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‘Taste of Thayer Street’ features food samples, discounts

Ticketed-entry event showcases 17 restaurants, seven retail stores

Compared to last year’s $30 ticket, this year's tickets were $23 for adults, $15 for students and $7 for children in hopes of making the event more inclusive, according to Thayer Street District Management Authority executive director Donna Personeus.
Compared to last year’s $30 ticket, this year's tickets were $23 for adults, $15 for students and $7 for children in hopes of making the event more inclusive, according to Thayer Street District Management Authority executive director Donna Personeus.

“Taste of Thayer Street” returned for its second year Wednesday evening, featuring 17 restaurants and seven retail stores, including the Brown Bookstore. 

In contrast to last year’s $30 ticket, this year's tickets were $23 for adults, $15 for students and $7 for children. “We wanted the tickets to be a little more inclusive,” said Donna Personeus, executive director of Thayer Street District Management Authority, which hosted this year’s event. 

All tickets allowed attendees to try free samples at participating restaurants and claim discounts at participating retail stores. Adult and student tickets included two free drink vouchers, while a children’s ticket included one. 

Thayer Street was shut down from Bowen Street to Angell Street, allowing people to walk freely between vendors without worrying about traffic. Parking was provided at two University lots: No. 11 and No. 44. 

Last year, Chinatown was crowned “King/Queen of Thayer Street,” Personeus said, which came with a monetary prize. This year’s event had sponsors, the largest being the University, which allowed TSDMA to award all participating businesses with a stipend. 

“We took that sponsorship money and we gave it back to the businesses that wished to participate,” Personeus said. “We really wanted to make it as easy for them to participate as possible.”

Attendees were given a “Taste of Thayer Street” badge to wear while at the event. Some participating vendors had booths in the street, while others advertised their participation in the event with “Taste of Thayer Street” posters on their storefront windows. Tables were set along the street so people could sit and enjoy their food and beverages. Chalk drawings lined the street, and a cornhole board sat on the street ready for use. 

“It’s great advertisement,” said Sadie Hector, a manager at La Creperie. “There has been lots of interest (in our booth), especially with a lot of people that are from out of town.” 

Tanzeel Rehman, owner of Tribos Peri Peri, said that this year’s event was a lot “crazier” than last year’s. “It’s a great way for our business to get more visibility,” Rehman said. “Because we’re not directly on Thayer Street, it gives a lot of people the opportunity to try our food. … We’re the only Portuguese South African peri peri chicken restaurant in New England.”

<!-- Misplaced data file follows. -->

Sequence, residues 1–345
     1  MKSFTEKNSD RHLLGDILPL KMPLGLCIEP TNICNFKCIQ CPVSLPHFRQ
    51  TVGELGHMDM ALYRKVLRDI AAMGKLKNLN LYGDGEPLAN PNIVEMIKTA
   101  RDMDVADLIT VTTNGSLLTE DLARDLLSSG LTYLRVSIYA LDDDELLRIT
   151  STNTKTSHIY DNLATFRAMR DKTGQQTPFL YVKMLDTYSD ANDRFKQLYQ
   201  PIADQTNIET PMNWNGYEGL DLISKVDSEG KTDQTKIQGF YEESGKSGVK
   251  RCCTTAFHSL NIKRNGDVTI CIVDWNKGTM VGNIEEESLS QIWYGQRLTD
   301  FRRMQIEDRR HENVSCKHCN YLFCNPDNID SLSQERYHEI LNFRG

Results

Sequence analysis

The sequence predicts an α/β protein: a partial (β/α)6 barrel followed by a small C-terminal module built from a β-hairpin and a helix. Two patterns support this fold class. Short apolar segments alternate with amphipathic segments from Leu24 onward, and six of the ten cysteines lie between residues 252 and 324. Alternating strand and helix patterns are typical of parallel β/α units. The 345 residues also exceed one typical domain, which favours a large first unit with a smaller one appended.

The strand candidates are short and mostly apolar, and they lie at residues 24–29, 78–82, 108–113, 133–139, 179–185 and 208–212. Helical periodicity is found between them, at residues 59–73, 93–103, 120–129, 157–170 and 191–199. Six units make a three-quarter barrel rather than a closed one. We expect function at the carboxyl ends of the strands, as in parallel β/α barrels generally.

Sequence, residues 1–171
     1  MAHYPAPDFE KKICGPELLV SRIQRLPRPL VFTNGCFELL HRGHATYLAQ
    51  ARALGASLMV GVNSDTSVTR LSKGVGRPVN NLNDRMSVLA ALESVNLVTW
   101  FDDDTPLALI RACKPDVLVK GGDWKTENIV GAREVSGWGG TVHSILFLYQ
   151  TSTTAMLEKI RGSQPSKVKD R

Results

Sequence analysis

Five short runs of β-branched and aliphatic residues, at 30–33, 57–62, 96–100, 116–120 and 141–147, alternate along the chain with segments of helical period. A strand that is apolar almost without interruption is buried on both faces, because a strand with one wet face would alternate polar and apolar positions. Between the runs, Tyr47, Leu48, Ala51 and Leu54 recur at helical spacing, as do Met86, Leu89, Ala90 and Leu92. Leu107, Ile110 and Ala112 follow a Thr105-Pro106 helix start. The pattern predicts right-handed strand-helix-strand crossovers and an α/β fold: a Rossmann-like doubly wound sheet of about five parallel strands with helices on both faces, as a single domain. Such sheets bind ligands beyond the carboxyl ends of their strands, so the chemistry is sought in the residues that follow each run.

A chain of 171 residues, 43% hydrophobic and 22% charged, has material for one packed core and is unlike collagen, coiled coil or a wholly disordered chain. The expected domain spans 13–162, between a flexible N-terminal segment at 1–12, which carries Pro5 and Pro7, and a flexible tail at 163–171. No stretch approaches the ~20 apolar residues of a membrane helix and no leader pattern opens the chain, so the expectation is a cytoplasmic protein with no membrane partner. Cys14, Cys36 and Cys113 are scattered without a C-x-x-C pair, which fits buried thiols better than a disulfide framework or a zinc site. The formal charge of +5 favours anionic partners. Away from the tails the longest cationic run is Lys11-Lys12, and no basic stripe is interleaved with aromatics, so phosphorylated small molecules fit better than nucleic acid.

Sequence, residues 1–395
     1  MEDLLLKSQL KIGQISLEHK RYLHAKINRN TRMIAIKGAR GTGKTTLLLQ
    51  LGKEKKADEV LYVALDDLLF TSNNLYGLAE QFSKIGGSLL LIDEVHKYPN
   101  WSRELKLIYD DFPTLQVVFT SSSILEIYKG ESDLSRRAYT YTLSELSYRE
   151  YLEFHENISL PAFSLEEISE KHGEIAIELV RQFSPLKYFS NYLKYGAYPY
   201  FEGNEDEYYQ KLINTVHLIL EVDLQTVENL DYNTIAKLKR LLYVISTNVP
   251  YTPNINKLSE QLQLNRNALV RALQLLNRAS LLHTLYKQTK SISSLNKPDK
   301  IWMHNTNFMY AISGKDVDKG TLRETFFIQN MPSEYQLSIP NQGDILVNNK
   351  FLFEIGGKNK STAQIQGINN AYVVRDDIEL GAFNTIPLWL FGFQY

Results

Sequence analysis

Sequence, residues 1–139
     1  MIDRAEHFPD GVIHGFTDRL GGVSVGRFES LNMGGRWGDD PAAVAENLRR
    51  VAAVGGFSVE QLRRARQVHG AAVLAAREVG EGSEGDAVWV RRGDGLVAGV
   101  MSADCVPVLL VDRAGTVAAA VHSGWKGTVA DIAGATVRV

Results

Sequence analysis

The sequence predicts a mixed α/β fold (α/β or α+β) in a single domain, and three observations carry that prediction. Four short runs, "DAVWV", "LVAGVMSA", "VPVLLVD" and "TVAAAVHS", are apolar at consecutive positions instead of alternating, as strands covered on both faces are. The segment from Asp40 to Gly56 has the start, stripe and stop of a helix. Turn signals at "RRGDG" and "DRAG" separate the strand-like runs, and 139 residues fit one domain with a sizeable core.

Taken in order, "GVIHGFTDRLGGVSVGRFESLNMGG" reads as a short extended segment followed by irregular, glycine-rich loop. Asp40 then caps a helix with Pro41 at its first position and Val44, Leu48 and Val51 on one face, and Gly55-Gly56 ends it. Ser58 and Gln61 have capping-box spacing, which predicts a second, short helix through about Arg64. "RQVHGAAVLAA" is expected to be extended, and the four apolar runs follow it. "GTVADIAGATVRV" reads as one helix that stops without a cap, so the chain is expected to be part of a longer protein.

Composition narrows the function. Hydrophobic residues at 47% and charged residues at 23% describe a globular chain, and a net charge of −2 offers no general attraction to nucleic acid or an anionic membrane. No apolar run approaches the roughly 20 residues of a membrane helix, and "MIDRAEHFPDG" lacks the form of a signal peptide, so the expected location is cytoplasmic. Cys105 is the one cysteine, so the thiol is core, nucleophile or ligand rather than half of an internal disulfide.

“I think that Thayer Street is a really diverse place for food,” Rehman said. “We’re really happy to be a part of it.”

Ella Hochstadt ’26 said she hadn’t had the chance yet to explore the area since starting at Brown. The event was a good introduction to Thayer’s offerings. 

“It’s a really good bang for your buck,” Hochstadt said. “I tried so many different places and now I know which ones I’d go back to.” 

Megan Lewis, assistant director of real estate at the University, and Tina Thompson, assistant director of auxiliary housing at the University, were both in attendance at the event. 

“Brown University owns a couple of properties on Thayer Street,” Lewis said. “Anything we can do as far as being a part of a community for Thayer Street is something we’re really interested in. We want to be a good neighbor.”

“It’s a fantastic opportunity for (vendors) to let us know what they offer and an opportunity for you to try different cuisines you wouldn’t normally try,” Thompson said. 

Sean Reaves, a bartender at Andrea’s, roughly estimated that well over 100 people had been at their booth by 7 p.m.. Reaves guessed that last year’s turnout was about 40 people. “Now, there are 40 people right here,” he said, gesturing to the crowd in front of him. 

“It's really good to see people coming out and being like, ‘Oh, I used to come in Andrea’s all the time,’” Reaves said. “We used to be closed for a long time, and now we’re back, so it’s kind of really good to see the community aspect of what Thayer Street is to Providence.” 

Nicole Arrecis, an attendee from Pawtucket, heard about the event from Channel 10. “I think (Thayer Street) has improved a lot since I was a teenager. … Now you can actually walk around and there are tons of awesome restaurants,” she said. Arrecis added that she hopes the event continues in the coming years.

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Thayer Street “is constantly evolving and changing,” Personeus said. “It’s always going to represent the neighborhood and the Brown student body, … and so it’s kind of fun to bring people to the street once a year to experience that change and to try a little something that they normally wouldn’t.”



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